A patient told me that this was the best book she’d ever read– so with that glowing endorsement, I had to at least check it out.
From my perspective, there were a few outstanding pearls, a lot that I already knew, and a whopping ton of bitter politics–some (in my opinion) justified, some not.
The pearls for me primarily revolved around the key connection of fatty liver to the rest of the metabolic syndrome picture. This is something I once knew to some extent and has more or less fallen off my radar; I rarely look for fatty liver unless I know someone has the diagnosis already, or unless they have a few key markers or symptoms that point in that direction. But until now, it hasn’t been the first thought when someone has unexplained high lipids or glucose.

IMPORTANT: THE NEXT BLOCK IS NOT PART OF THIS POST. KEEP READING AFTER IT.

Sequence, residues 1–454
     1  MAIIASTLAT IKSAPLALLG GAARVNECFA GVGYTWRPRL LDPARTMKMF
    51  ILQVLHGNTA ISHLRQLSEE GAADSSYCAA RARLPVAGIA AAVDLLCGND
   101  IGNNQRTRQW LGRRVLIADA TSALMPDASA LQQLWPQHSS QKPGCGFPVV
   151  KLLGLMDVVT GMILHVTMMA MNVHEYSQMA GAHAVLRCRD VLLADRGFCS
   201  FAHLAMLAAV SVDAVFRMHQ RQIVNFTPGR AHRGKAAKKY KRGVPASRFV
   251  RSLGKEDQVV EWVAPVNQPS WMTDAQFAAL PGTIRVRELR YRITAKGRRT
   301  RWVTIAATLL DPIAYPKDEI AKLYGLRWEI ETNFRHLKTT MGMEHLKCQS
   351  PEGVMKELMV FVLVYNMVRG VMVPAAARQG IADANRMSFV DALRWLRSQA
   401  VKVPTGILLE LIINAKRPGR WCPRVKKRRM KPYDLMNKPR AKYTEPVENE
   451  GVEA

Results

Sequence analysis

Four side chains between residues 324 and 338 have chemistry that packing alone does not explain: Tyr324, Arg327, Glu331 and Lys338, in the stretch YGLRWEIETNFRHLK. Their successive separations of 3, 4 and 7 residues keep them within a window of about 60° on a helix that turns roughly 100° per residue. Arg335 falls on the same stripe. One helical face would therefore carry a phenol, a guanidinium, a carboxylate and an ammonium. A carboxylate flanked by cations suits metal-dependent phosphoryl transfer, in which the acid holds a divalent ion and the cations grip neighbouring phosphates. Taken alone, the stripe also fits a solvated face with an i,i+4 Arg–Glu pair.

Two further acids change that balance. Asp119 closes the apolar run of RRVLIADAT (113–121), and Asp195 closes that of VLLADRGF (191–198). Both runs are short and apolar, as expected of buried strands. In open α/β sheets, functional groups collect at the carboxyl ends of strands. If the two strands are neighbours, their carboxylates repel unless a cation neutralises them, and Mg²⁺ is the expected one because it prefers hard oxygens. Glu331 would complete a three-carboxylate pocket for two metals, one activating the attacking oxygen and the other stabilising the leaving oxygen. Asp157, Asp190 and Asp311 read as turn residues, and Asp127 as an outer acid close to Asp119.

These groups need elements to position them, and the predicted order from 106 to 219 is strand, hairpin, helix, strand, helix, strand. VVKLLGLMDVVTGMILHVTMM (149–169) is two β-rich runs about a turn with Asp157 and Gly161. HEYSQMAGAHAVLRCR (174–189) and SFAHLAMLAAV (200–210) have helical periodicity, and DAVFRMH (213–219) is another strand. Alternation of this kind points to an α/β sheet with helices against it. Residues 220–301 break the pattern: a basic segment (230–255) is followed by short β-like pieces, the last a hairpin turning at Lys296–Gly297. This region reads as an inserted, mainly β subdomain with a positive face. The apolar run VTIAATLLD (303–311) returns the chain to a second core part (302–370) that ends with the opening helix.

The book also discussed in-depth how food has been adulterated, and it was a good reminder that even if someone is eating “good” quality prepackaged foods, it’s still not the ideal and can be toxic.
Then there was a whole lot of (in my opinion) justified ranting against the various regulatory agencies in the US that should protect the public from toxic food additives, but don’t. Interspersed, there were a few choice political comments that were really unnecessary, I thought–like which administration made which decisions (out of context), or certain politically charged topics that had little to nothing to do with food. I had the impression that the author had found himself a soapbox and he was going to use it, relevant or no. I actually skipped the last couple of chapters because I’d had enough.
Still, I gave it four stars, because the takeaways I did get were well worthwhile.